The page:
If you're looking for unusual forms, dig through B-LABO or Takabatake's Instagram, you're bound to find something you've never seen before.

Ecologic's Combination Paper-and-Plastic Eco Bottles

Core 77 - 3 hours 9 min ago

A company called Ecologic Brands has developed a unique two-part bottle that they reckon is more sustainable than standard plastic bottles. Their Eco Bottle consists of an inner liner of plastic, and that's the bit that actually holds the liquid. The form and outer shell are composed of a paper-like fiber material made from 100% recycled cardboard and newspapers.

Why go to the trouble? The company says producing a bottle in this fashion uses 60% less plastic than if it was monomaterial. They also point out that less than 10% of plastic is actually recycled--those grim statistics come from the EPA--but 90% of fiber-based paper products are recycled. The thinking is that the Eco Bottle stands a better chance of going back into the system, whether wholly or partially.

However, effectively recycling an Eco Bottle relies on an engaged consumer who is willing to put in a little elbow grease. Here are the steps required to break the bottle down:

1. Pop it open When the bottle is empty, use your thumbs to pop open the side of the outer shell along the seam. The outer shell can be recycled with paper and cardboard in curbside and drop-off recycling programs.2. Take the two pieces apart. Remove the pouch from inside the molded fiber shell. Rinse the pouch and allow it to dry. The inner pouch and spout are #4 LDPE plastic and can be recycled with plastic grocery bags at local retailers' bins.3. Recycle it! The dosing cap is #5 PP plastic. Recycling for this type of plastic is not yet widespread, so check with your local recycling center to see if they accept #5 plastics. Also look for Preserve Gimme 5 bins, which accept #5 plastics, and are available at most Whole Foods Markets. Preserve makes great new products from recycled #5 plastic. For more information on the Preserve Gimme 5 program, visit http://www.preserveproducts.com/recycling/gimme5.html. If #5 recycling is not available in your area, the cap may be disposed of in your regular garbage bin.

That doesn't sound like a lot of work to me--but I live in a county where people still throw soda bottles and fast food wrappers out of their truck windows, littering our rural roads. I don't know how to convince people with that mentality to take extra steps to recycle.

Still, the Eco Bottle could be a gamechanger, particularly in institutions where recycling can be monitored and enforced. And it ought be well successful in more enlightened countries where roadside litter is a distant memory.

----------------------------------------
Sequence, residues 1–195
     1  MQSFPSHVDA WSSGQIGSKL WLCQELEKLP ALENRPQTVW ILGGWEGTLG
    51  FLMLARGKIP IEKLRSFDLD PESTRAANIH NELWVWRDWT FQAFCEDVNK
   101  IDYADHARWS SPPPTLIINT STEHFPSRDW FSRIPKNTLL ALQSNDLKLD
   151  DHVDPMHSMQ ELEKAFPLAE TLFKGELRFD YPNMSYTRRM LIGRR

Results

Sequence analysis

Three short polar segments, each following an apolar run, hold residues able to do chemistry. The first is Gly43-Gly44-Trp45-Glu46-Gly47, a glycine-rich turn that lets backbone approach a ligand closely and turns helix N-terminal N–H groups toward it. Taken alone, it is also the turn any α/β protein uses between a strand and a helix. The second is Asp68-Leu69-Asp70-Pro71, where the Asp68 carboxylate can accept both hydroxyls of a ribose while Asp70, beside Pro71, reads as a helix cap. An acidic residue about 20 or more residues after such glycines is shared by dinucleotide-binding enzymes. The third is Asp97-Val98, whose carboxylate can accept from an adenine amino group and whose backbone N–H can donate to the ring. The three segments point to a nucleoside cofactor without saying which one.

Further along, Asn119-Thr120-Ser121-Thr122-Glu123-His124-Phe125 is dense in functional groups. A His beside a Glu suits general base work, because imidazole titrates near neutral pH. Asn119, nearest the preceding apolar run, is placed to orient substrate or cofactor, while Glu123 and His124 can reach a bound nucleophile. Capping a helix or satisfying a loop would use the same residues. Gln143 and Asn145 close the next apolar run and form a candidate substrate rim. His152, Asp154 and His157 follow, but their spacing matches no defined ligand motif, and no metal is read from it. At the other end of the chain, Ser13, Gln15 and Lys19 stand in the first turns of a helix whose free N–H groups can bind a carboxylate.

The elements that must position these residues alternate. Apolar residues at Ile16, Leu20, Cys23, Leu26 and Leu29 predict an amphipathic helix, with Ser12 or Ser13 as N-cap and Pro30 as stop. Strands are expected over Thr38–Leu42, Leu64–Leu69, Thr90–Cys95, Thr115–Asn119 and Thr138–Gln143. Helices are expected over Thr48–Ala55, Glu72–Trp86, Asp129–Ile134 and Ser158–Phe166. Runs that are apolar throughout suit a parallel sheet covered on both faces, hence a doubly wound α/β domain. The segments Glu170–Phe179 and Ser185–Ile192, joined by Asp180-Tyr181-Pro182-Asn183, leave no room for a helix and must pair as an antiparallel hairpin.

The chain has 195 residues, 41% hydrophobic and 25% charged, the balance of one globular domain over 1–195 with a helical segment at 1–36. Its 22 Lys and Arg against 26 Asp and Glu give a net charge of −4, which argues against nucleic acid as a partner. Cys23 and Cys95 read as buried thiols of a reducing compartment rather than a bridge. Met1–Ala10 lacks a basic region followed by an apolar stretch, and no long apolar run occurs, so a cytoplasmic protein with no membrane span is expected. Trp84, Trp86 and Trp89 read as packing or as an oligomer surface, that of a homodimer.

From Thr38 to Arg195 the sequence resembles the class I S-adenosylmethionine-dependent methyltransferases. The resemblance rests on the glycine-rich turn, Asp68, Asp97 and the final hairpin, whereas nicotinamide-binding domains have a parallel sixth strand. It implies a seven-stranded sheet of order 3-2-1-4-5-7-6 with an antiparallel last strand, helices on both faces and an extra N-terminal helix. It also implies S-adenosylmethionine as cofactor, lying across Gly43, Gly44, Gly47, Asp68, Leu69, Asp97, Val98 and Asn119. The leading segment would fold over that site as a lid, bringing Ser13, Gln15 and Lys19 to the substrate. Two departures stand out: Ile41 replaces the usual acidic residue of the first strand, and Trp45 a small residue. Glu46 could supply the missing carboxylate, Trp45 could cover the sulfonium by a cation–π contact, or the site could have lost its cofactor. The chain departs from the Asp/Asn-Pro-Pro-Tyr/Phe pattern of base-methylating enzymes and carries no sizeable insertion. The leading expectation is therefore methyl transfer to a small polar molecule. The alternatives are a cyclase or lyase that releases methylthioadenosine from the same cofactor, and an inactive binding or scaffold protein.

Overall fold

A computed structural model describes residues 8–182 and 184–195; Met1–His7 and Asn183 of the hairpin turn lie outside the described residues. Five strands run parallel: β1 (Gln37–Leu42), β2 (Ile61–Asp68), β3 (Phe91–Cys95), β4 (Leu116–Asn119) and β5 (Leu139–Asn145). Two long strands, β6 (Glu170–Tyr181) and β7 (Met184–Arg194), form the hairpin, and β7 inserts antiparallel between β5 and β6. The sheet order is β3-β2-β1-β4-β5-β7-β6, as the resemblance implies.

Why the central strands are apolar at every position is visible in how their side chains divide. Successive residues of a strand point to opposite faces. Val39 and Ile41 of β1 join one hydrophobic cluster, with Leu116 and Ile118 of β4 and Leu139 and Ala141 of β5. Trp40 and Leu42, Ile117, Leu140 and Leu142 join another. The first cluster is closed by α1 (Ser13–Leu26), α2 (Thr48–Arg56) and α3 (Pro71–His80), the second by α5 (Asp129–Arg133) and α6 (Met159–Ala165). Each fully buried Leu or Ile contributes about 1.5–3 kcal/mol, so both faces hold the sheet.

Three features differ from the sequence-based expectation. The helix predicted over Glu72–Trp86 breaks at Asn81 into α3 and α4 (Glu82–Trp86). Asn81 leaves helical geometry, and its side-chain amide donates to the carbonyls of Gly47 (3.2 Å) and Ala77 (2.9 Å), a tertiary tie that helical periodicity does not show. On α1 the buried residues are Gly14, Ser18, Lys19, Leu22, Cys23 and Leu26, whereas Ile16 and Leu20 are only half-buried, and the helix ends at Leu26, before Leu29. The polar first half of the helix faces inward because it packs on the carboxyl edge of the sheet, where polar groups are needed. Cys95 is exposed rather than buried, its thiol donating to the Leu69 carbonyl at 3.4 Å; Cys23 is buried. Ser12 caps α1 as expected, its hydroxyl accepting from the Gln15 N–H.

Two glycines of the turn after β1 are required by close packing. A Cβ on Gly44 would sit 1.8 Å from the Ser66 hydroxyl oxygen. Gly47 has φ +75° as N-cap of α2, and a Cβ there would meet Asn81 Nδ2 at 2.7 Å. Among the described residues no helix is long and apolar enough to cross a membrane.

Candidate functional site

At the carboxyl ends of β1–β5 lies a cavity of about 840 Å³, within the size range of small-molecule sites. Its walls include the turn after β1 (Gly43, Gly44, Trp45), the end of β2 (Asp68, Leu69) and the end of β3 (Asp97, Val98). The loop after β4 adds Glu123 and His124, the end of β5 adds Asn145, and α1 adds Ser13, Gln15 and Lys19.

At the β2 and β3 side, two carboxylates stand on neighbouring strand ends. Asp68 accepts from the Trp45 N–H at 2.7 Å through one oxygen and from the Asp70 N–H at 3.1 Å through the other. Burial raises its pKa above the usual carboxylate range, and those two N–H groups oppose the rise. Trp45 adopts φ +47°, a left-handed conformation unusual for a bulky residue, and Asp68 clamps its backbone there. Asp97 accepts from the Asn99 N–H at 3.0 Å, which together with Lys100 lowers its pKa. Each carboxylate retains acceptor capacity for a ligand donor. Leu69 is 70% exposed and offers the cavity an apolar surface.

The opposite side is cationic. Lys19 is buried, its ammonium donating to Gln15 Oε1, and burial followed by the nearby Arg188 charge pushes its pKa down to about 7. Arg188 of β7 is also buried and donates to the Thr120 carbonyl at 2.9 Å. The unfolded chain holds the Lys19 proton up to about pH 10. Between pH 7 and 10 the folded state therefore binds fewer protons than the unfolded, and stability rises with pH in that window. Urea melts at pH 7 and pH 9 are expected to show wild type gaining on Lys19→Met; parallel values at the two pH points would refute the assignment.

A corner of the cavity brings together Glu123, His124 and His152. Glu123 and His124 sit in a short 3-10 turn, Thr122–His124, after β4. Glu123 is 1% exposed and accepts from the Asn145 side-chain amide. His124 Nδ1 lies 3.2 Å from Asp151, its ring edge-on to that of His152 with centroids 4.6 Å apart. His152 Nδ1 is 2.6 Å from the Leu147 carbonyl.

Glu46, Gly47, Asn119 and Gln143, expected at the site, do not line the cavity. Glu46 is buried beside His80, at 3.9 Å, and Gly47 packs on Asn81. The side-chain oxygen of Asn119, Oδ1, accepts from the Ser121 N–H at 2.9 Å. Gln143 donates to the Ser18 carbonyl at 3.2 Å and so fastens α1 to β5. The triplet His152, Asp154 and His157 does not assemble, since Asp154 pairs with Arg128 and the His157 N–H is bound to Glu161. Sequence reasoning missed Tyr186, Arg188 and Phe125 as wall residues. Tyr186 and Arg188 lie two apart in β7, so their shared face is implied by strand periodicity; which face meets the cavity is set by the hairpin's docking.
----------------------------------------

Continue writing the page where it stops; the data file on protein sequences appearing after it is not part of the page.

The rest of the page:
Industrial Design is Booming in the New Year — Here Are Seven Open Positions from the Coroflot Job Board

Core 77 - 3 hours 9 min ago

It's a new year and a fresh start for studios and in-house design departments – the Coroflot design job board is brimming with new opportunities – now is the moment to put yourself out there! Here are seven amazing positions for Industrial Designers that were posted just this week...

Photo by Jo Szczepanska

1. Senior Industrial Designer THRIVE Atlanta, GA

"...seeking an experienced Senior Industrial Designer with 8+ years experience. An impressive individual who'll bring creativity, passion, people skills, and the ability to lead creative teams in an inspiring way."

2. Product Designer (Motorcycle Gear) Icon Motosports Portland, OR

"Love motorcycles? Icon Motosports, located in Portland Oregon, is looking for a talented Product Designer to join our industry-leading motorcycle equipment design team."

3. Design Intern for Summer 2021 3M Minnesota

"3M provides eligible interns completing an in-person assignment with temporary housing and round-trip travel reimbursement in accordance with current policy."

4. Industrial Designer (CMF Focus) Tactile Boston, MA

"During the current global COVID-19 pandemic, we're mostly working remotely. So initially, we're looking for a remote Industrial Designer with core strengths in graphics and color, materials, and finish (CMF) development, but as conditions improve the position will eventually work on-site in our Boston studio."

5. Color Designer Black Diamond Equipment Salt Lake City, UT | Onsite or Remote Possible

"The color designer analyzes emerging color trends, stays current with outdoor sports color trends and strategies, and develops a perspective for product color at Black Diamond."

6. Industrial Designer(LSD) Lifestyledesign Santa Barbara, CA | Onsite or Remote Possible